Have you ever sat down at a restaurant and really looked around at all the people? After many years as a vegan and a vegetarian long before that, I am still amazed at how apathetic people appear. I mean, I see people ordering veal and rack of lamb -- I can’t even stand to use that phrase – rack of lamb – I mean, what is that? Large male bucks have racks; bosomy women have racks; baby sheep don't have racks, do they?Anyway, I see them tearing meat off bone and pushing it into their geeps and and I don’t understand why they aren’t horrified at what they are doing. So I wonder, why are some of us so very empathetic and see things as they really are, part of a living being, instead of a food item; and others just don’t care?
I can’t tell you the number of times people, upon hearing I am a vegan, will say some version of the following: I used to be but I went back to eating meat because (fill in the blank, the excuses are many and colorful). In my experience, those who went vegetarian or vegan for ethical reasons, that is, they did so because they learned about animal suffering on factory farms, stayed vegan. It’s hard to unring that bell. Once you’ve seen what goes on in factory farms, battery cages, gestation crates and veal farms, it’s pretty tough to get that image out of your head. It’s shocking.
Those who went veg for health reasons are usually the ones that “backslide,” to borrow a term from organized religion, and are lost to carnivorous behavior again. I don’t understand why some can regard a meal of steak and potatoes and see a simple dinner while others feel a hurt right in the middle of our chests that only another vegan feels. How is it some can dine on plates full of wings while others, like me, see that plate and think of how a mother chicken uses her wings to protect her young? Why is it so simple for some to turn away from what they know is the truth?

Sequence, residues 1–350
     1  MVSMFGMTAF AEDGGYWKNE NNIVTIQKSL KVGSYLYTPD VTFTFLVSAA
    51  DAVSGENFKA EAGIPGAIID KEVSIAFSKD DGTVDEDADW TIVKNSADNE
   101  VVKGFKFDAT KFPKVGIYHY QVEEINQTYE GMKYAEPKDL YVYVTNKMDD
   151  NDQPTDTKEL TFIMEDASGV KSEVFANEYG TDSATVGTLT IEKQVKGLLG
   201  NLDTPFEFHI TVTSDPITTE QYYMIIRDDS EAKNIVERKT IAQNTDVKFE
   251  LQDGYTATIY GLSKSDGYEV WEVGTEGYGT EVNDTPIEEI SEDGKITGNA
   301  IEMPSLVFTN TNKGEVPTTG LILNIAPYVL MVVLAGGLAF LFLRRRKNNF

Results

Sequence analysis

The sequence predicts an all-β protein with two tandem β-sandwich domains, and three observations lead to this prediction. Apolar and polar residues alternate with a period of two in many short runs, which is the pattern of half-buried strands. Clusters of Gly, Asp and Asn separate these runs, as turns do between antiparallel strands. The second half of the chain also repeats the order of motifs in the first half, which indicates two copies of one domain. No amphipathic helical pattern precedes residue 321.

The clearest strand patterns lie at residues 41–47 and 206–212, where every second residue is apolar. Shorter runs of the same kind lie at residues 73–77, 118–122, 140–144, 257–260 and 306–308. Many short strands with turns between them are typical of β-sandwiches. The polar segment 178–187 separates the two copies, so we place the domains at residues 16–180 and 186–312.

I attended an event in Ft. Lauderdale not too long ago where Gene Bauer, Co-founder and Director of Farm Sanctuary, spoke. He said when we start talking to people about “going veg” and they say they can’t bear to hear it and begin telling us how much they love animals we should ask them why they are living a lifestyle not in sync with their own compassionate ethics. I thought that was a pretty smart thing to say and I’ve tried it a few times.
Who knows if it will have an effect? It’s possible that they will wake up in the middle of the night and say “Wow, she’s right, I’m not living my ethics!” Vegans don’t really want to haunt their friends every time they get together. If they did, they wouldn’t have any friends. Our friends say they love animals; we are quick to point out that they love "some" animals, not all. We are rewarded with a weird look. The only reason we try to get others to adopt a plant-based diet is because if we lower the demand for animal products we may be able to put those factory farms out of business altogether. So forgive us if we sound a little preachy, we’re just trying to win hearts and minds for the animals and our version of shock and awe is about as hard-core as you can get.